I call upon You, Lord, God of Abraham and God of Isaac and God of Jacob and Israel, You who are the Father of our Lord Jesus Christ, the God who, through the abundance of your mercy, was well-pleased towards us so that we may know You, who made heaven and earth, who rules over all, You who are the one and the true God, above whom there is no other God; You who, by our Lord Jesus Christ gave us the gift of the Holy Spirit, give to every one who reads this writing to know You, that You alone are God, to be strengthened in You, and to avoid every heretical and godless and impious teaching.

St Irenaeus of Lyons, Against the Heresies 3:6:4

Wednesday, September 12, 2012

Contra Skepticism per Epicurus

While looking into Epicurus’ “no subject of harm” argument against the fear of death (odd, I know; it’s for a developmental psychology project), I stumbled across the top three arguments against epistemological skepticism in the helpful article over at IEP.  Because our post-modern culture glibly embraces garden variety skepticism, it is prudent to keep a battery of such arguments handy.  Granted, Epicurean philosophy is presuppositionally antithetical to Christian theism.  However, we may “spoil the Egyptians” (Ex. 3:22), so to speak, and bring such arguments into the holy service of the kingdom and her King by means of apologetical application.  The second one is a common one in material addressing relativism today.  The first argument, though, is fresh (for me anyways) and has a profundity beneath its playful tone.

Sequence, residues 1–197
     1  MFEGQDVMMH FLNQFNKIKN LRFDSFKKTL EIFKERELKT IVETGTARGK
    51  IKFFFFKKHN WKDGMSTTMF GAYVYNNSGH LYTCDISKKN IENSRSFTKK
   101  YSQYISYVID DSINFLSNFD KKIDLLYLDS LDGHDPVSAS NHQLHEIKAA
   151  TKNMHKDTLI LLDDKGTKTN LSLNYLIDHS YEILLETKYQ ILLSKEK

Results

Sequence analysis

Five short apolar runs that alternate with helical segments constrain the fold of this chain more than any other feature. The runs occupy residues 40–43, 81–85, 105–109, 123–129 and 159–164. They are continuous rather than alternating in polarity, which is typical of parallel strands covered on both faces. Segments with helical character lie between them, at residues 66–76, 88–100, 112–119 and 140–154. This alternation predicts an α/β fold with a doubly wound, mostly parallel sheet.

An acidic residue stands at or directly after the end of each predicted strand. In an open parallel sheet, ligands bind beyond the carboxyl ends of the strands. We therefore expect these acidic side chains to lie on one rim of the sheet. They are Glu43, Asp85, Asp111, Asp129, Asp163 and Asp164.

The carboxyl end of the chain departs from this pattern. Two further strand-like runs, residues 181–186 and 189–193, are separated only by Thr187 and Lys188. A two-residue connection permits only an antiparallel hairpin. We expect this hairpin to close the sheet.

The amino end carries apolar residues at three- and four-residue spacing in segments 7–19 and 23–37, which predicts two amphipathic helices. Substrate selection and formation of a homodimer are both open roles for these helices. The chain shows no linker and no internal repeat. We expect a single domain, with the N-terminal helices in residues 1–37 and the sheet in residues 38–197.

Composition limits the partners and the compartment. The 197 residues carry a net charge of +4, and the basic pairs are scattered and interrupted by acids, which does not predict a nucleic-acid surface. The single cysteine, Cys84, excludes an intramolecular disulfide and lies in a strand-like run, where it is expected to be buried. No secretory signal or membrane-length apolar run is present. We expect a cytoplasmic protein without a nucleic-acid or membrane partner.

I. The “Lazy Argument”
Epicurus says that it is impossible to live as a skeptic. If a person really were to believe that he knows nothing, then he would have no reason to engage in one course of action instead of another. Thus, the consistent skeptic would engage in no action whatsoever, and would die.

II. The Self-refutation Argument
If a skeptic claims that nothing can be known, then one should ask whether he knows that nothing can be known. If he says ‘yes,’ then he is contradicting himself. If he doesn’t say yes, then he isn’t making a claim, and we don’t need to listen to him.

III. The Argument from Concept-formation
If the skeptic says that nothing can be known, or that we cannot know the truth, we can ask him where he gets his knowledge of concepts such as ‘knowledge’ and ‘truth.’ If the senses [better, cognitive faculties – KLS] cannot be relied on, as the skeptic claims, then he is not entitled to use concepts such as ‘knowledge’ and ‘truth’ in formulating his thesis, since such concepts derive from the senses.

1 comment:

  1. Excellent post. Skeptics often make statements like, "we can't know." The obvious question to them is, "how do you know we can't know? What inside information, or what great wisdom do you possess that enables you to make that statement?"